Fair, accurate testing meets the mark

Carol Myford

“It’s really important to determine what students are getting out of your courses and whether or not your courses are meeting the mark,” says Carol Myford, associate professor of educational psychology. Photo: Roberta Dupuis-Devlin/UIC Photo Services

Each year, UIC honors some of its most dedicated and outstanding teachers with the Award for Excellence in Teaching. The winners, who receive a $5,000 salary increase, are selected by past recipients.

How can students and educators work together to get the most out of their courses?

By creating clear course goals, carefully designed instruction and fair assessments to measure whether those goals were met, says Carol Myford.

“It’s really important to determine what students are getting out of your courses and whether or not your courses are meeting the mark,” says Myford, associate professor of educational psychology.

“Assessment can be very powerful and empowering for students when it’s done well. But the key is doing it well.”

Myford teaches courses on assessment design, program evaluation and measurement. Faculty and students from a variety of disciplines — including education, social work, psychology, medical education, criminal justice and public health — enroll in her face-to-face and online courses.

“Practitioners in many different fields use methods of assessment and evaluation,” she says.

Her own teaching philosophy stems from her background in assessment.

“We need to make clear to students what it is that we want them to know and be able to do, and how we will assess their performance,” she says.

In addition to traditional courses, she teaches the EPSY 561 online course for measurement professionals and helped develop the online EPSY 560 course.

“What’s most exciting to me about online teaching is that it allows me to extend the reach of my courses beyond the Chicago campus,” she says.

“In the four years that I’ve been teaching online, I have had students from Singapore, Uganda, China, Korea, Great Britain, Canada and the United Arab Emirates taking my online course, as well as students from the East Coast to the West Coast.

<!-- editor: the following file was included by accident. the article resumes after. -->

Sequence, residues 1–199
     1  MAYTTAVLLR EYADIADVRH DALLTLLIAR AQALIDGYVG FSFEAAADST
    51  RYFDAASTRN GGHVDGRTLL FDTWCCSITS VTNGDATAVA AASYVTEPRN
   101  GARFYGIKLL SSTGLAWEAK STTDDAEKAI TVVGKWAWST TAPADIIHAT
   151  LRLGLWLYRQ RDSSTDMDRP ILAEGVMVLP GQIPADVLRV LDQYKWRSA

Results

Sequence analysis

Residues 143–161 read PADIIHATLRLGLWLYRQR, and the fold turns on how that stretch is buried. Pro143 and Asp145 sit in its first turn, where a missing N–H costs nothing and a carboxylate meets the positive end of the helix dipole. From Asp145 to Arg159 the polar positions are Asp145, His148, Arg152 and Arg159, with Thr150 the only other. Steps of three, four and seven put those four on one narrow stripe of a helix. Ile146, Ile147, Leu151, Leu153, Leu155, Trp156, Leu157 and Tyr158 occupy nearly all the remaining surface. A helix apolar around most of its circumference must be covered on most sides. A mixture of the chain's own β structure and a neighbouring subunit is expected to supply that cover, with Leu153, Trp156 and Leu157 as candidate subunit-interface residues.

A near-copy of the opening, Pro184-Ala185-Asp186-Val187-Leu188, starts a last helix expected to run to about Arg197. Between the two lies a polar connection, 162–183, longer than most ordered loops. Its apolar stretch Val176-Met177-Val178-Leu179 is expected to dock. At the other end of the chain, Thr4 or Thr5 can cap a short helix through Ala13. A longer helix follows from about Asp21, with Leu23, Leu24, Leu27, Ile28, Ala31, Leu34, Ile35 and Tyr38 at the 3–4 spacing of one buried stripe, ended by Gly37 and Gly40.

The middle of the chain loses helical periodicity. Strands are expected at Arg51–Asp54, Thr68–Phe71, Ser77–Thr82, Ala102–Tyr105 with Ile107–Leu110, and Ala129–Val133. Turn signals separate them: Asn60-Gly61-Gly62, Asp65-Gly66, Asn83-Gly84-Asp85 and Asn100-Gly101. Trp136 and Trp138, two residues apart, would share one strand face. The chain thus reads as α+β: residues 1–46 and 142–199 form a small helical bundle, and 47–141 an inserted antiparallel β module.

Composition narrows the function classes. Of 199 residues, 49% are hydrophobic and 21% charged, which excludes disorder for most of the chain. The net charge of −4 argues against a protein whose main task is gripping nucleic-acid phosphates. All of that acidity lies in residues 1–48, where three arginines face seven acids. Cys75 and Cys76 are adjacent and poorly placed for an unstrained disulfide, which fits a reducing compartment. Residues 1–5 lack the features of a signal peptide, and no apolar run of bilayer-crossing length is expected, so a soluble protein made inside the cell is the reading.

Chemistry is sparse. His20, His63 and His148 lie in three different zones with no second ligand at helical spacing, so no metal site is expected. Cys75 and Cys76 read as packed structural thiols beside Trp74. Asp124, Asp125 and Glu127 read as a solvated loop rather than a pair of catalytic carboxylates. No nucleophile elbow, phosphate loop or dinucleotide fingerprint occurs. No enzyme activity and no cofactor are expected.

“It’s great fun to be able to interact with students who are living all over the world.”

Myford’s research focuses on scoring issues in large-scale performance and product assessments.

“I carry out research on those who rate complex performances and products and the assessment tools they employ,” she says. “I work on developing new methods for monitoring and improving rater performance, and on methods for detecting and measuring different types of rater errors.”

Myford took a nontraditional path to academia, working for many years in government, business and industry. She spent 12 years as a research scientist at the Educational Testing Service before joining the UIC faculty in 2002.

“I was drawn to academe by the prospect of teaching the next generation of folks who were going to be in the kind of jobs I’ve been privileged to hold in my career,” she says.

“It’s been an interesting life journey filled with lots of unexpected twists and turns. I look back on it and can see that with each job, I acquired valuable knowledge and skills that have shaped my work here at UIC in significant ways.”

Myford provides assessment expertise across the globe as a Fulbright Specialist. She spent six weeks in South Africa in the summer of 2012, leading assessment training for faculty members at Ekurhuleni West College who teach vocational training courses such as bricklaying and cosmetology.

“It was a great experience,” she says. “The faculty members were eager to learn about how to create high-quality assessments of students’ work in their courses. They learned about assessment, but I learned a whole lot from them about teaching and learning in vocational education in South Africa.”

She has provided assessment consulting with medical educators in Thailand, and public school teachers and administrators in Russia and Australia.

“As an assessment specialist, I work with practitioners in a lot of different fields,” she says.

Myford and her husband, David, a school social worker, love to travel for fun.

“We have the travel bug,” she said. “We especially like to visit places that are off the beaten path to learn about cultures and interact with the locals. Our bookshelves are lined with travel books, and we enjoy watching ‘Globe Trekker’ and dreaming about where our travels might take us.”

Always on the lookout for a new assessment adventure, she hopes to go to India, Japan or China next.

“My bucket list is filled with lots of intriguing travel destinations,” she says.

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